How is the gut linked to Parkinson’s disease?

[P]hysicians have noted that constipation is one of the most common symptoms of Parkinson’s, appearing in around half the individuals diagnosed with the condition and often preceding the onset of movement-related impairments. Still, for many decades, the research into the disease has focused on the brain.

More recently, they have also focused on the aggregation of alpha synuclein, a protein that twists into an aberrant shape in Parkinson’s patients. A shift came in 2003, when Heiko Braak, a neuroanatomist at the University of Ulm in Germany, and his colleagues proposed that Parkinson’s may actually originate in the gut.

The vagus nerve, a bundle of fibers that originates in the brain stem and innervates major organs, including the gut, may be the primary route through which pathological triggers of Parkinson’s travel from the gastrointestinal tract to the brain.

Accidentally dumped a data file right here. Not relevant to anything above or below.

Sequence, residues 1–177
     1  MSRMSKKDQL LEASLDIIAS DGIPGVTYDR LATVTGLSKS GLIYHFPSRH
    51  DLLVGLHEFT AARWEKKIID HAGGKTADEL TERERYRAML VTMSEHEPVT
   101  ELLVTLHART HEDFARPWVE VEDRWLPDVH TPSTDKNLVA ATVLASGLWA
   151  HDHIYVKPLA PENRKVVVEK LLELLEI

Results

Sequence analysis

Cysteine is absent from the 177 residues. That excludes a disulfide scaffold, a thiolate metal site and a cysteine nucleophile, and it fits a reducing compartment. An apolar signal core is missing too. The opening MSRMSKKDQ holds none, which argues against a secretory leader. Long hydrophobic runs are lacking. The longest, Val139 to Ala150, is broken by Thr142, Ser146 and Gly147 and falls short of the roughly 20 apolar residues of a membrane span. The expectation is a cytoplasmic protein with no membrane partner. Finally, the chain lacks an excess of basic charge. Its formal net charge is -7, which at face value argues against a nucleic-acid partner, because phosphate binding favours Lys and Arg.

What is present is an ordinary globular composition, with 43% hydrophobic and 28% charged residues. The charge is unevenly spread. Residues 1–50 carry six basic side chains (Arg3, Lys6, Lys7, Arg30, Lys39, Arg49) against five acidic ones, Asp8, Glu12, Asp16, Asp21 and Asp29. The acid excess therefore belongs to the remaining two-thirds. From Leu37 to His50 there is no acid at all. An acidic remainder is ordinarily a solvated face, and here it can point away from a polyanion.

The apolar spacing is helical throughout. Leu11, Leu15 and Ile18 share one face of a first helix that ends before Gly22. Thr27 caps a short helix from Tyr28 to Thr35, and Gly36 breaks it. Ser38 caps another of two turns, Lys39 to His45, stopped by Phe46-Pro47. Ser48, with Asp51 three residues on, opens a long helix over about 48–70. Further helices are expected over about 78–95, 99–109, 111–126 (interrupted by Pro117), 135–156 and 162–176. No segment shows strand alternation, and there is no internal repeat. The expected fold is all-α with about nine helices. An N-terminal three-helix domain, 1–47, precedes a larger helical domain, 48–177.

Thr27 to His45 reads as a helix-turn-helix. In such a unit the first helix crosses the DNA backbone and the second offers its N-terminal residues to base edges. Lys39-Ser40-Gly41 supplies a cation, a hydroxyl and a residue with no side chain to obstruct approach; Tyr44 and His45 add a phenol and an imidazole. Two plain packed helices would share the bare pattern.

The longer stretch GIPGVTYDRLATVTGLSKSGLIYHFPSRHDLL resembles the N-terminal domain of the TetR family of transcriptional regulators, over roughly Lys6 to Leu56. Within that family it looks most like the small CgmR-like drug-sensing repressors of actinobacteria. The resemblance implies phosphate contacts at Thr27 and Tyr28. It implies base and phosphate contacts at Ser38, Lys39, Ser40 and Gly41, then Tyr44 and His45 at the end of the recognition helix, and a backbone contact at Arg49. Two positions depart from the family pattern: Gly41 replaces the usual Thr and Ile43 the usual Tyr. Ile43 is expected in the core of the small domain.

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If alpha-synuclein does travel from the intestines to the brain, the question still arises: why does the protein accumulate in the gut in the first place. One possibility is that alpha-synuclein produced in the gastrointestinal nervous system helps fight off pathogens.

“I think there’s likely multiple sites of origin for Parkinson’s disease,” says Viviane Labrie, a neuroscientist at the Van Andel Research Institute in Michigan. “For some individuals, it might be the gut, for others it might be the olfactory system—or it might just be something that occurs in the brain.”

Read full, original post: Does Parkinson’s Begin in the Gut?

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